Millet--a catch-all term for just about any grain other than wheat, corn, rice, barley, oats or rye--is the staff of life for many of the earth's people. (In this country, it's the staff of life for many canaries and budgies.) Mostly it's eaten as porridge or polenta, but you can also make it into couscous. The Tubu of the Sahara Desert (they're the next-door neighbors of the Tuaregs) even gather the seeds of a variety of goosefoot weed, which makes a black couscous. Avant-garde restaurateurs, please note, but don't expect Tubus to flock to your door--they eat only black couscous during famines.
A Bucket of Scud Wings, Extra Crispy
All 17 Kentucky Fried Chicken stands in Kuwait were ransacked during the Gulf War, but two were quickly reopened, and the one in Salmiya was soon serving up to 1,200 people a night during Ramadan. A Kuwaiti Air Force mechanic, asked by USA Today about the portrait of Col. Sanders, replied: "Yes, I know this man; I know his story. His last name is 'Kentucky.' " Sorry, pally, not any more--not since the chain renamed itself KFC.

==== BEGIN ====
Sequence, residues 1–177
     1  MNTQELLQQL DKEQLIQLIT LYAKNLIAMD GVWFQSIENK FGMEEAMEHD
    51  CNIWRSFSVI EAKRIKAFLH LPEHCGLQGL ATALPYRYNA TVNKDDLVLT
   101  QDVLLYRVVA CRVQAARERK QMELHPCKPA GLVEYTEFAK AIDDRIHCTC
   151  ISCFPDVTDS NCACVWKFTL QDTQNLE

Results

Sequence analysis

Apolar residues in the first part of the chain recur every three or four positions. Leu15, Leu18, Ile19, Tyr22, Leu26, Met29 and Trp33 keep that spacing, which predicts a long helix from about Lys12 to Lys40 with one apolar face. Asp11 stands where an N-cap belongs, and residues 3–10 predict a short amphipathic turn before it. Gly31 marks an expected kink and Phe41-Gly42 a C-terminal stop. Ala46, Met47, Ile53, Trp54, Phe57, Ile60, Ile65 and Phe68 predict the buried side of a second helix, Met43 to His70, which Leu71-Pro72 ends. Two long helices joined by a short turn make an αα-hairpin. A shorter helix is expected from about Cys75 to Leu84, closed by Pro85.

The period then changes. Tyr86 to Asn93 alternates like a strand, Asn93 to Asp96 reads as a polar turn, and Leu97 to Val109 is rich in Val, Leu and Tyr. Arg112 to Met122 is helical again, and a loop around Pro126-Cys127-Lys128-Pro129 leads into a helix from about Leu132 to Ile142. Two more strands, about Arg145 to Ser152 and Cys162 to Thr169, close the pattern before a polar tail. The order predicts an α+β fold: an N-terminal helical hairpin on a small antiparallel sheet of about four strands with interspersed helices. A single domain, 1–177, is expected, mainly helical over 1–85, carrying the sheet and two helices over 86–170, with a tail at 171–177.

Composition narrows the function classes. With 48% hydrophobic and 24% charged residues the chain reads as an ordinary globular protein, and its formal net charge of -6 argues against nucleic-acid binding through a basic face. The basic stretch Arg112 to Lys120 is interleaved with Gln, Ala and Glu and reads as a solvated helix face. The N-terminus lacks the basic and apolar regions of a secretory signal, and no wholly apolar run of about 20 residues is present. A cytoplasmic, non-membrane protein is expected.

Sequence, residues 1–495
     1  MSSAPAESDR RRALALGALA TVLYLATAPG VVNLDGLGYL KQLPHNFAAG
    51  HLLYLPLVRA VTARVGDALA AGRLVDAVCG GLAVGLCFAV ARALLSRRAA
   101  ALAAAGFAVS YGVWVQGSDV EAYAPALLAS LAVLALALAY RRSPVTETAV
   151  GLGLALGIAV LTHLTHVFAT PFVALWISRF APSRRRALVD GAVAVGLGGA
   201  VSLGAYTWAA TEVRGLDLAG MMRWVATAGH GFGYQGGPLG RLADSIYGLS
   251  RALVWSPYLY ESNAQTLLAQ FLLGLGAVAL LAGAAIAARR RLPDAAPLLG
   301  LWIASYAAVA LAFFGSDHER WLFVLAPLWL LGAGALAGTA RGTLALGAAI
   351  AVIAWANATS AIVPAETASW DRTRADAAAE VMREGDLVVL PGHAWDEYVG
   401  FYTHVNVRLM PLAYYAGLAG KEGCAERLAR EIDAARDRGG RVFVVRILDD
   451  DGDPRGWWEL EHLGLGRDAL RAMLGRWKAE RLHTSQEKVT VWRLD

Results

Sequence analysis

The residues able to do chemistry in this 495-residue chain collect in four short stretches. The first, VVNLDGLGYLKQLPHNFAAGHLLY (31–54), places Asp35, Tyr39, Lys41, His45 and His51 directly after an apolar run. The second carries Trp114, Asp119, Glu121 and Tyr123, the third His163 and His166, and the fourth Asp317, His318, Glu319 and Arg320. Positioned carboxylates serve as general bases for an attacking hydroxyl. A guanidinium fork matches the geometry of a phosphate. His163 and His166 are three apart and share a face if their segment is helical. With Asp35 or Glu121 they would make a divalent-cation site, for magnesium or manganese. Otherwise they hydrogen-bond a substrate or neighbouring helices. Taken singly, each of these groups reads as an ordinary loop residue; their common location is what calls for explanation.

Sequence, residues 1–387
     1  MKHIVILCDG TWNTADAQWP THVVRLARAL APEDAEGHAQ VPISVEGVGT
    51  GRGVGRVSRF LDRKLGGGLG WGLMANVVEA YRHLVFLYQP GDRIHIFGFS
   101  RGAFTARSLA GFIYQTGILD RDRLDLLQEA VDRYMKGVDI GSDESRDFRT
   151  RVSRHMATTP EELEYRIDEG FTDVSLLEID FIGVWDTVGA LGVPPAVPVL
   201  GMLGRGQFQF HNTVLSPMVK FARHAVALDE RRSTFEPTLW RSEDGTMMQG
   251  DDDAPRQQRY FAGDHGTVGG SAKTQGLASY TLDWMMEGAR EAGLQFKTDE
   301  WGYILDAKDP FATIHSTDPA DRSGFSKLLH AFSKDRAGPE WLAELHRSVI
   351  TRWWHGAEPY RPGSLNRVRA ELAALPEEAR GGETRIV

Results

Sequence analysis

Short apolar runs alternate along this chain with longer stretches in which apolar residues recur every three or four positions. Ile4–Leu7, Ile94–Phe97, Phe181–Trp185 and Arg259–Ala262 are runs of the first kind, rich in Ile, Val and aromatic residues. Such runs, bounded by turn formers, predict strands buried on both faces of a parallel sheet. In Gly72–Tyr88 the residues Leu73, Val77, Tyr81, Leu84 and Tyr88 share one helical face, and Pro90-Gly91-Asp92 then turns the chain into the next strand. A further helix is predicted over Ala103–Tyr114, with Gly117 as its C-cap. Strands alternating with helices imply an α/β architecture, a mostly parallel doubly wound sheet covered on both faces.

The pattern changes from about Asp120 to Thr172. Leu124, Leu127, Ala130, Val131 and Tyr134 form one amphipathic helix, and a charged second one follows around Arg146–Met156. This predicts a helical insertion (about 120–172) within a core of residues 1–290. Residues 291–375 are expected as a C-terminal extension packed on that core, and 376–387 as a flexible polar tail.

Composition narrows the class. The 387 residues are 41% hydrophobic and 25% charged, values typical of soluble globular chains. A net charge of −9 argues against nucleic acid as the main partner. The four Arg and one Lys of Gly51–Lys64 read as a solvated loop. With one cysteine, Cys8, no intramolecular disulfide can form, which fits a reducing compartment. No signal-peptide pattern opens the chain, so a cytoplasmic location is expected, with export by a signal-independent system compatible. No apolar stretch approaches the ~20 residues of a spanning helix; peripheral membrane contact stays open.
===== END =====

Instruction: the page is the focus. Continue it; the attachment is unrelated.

New Vegetables on the Block
The Wall Street Journal reports an uphill struggle for some new health food crops. Farmers are instinctively reluctant to plant amaranth, which resembles--and in fact is--a variety of pigweed. Rapeseed (Canola, to you) is so tiny it leaks from the bins, and last year's crop makes the fields stink all winter. Given the plush subsidies for wheat, corn and cotton, a lot of farmers would rather not switch.